The Edo period is a significant period in history that is also featured in Gintama. In Japanese history, during the Edo period, Tokugawa Ieyasu and his clan ruled Japan for over two centuries. During this time, Tokugawa promoted foreign trade despite Japan being a closed-off country, but held control over the land by suppressing the religion, Christianity. Eventually, the Shogun in 1633, Iemitsu, outlawed nearly all foreign trade, except with China and the Netherlands, and foreign literature was banned.
Although most of Japan was closed off from the world, Japanese trade and culture developed greatly. This was the period where tea ceremonies, philosophy, kabuki, and other arts/education were pursued. Time was changing under the new rule and period, and the samurai became a more educated, peaceful organization.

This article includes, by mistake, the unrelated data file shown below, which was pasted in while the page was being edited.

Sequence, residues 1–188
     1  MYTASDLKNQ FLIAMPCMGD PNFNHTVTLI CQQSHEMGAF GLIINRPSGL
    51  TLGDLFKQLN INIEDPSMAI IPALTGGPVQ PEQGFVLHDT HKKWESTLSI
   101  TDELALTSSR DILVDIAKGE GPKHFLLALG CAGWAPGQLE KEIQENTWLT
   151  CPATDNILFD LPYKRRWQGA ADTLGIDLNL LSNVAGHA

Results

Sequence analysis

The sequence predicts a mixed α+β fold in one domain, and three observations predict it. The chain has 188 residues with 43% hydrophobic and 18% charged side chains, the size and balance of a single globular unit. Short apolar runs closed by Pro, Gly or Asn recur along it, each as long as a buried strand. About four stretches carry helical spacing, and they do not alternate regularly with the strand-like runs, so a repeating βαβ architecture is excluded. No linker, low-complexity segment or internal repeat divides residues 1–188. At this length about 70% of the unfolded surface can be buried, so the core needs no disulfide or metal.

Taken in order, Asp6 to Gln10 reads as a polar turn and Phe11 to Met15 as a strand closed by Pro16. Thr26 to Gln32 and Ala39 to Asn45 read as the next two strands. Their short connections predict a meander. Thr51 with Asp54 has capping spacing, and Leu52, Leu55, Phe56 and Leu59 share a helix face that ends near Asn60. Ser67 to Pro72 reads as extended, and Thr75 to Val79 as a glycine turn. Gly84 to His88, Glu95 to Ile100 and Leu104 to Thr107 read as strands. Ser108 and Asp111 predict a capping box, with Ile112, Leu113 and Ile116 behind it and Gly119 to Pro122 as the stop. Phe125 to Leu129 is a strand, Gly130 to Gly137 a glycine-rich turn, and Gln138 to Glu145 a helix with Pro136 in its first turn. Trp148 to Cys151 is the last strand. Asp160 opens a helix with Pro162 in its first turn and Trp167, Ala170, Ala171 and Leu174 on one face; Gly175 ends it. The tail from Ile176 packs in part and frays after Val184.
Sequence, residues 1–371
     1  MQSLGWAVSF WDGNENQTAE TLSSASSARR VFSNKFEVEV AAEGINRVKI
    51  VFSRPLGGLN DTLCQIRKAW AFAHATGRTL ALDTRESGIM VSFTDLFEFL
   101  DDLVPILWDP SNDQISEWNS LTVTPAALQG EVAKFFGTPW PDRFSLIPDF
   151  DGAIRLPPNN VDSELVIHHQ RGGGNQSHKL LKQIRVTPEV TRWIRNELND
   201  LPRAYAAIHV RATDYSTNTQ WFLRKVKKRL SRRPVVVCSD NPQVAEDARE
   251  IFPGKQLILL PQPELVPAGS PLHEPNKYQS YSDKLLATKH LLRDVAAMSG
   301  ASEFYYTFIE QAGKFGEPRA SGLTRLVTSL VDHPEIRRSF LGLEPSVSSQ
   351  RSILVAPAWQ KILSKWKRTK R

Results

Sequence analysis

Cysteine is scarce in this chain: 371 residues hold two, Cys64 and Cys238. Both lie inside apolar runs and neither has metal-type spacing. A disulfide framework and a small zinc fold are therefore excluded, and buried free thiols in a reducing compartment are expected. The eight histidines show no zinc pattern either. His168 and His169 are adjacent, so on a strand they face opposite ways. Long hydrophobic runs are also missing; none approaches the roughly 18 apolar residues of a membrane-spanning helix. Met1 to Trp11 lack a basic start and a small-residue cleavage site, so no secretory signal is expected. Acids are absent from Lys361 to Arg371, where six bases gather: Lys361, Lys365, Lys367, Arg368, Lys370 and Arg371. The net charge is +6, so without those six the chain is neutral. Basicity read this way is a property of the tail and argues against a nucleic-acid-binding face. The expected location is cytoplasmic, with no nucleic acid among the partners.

However, the Edo period came to an end later on. Financial instability, an immoral and corrupt government, money becoming more prominent in Japan because of the merchant class, rebellions from the lower classes and anti-government factions, and the threatening power and interest from the outside world were the main reasons for the and of the Edo period and the Tokugawa rule. This era was followed by the Meiji period and Meiji Restoration. The Meiji Restoration is similar to the time period in Gintama.
Who Are the Gintama Samurai?
In Gintama, the current period is a time where swords are now banned and the samurai are diminishing. Only a few samurai remain, and this time period is similar to the after-Edo period in Japanese history.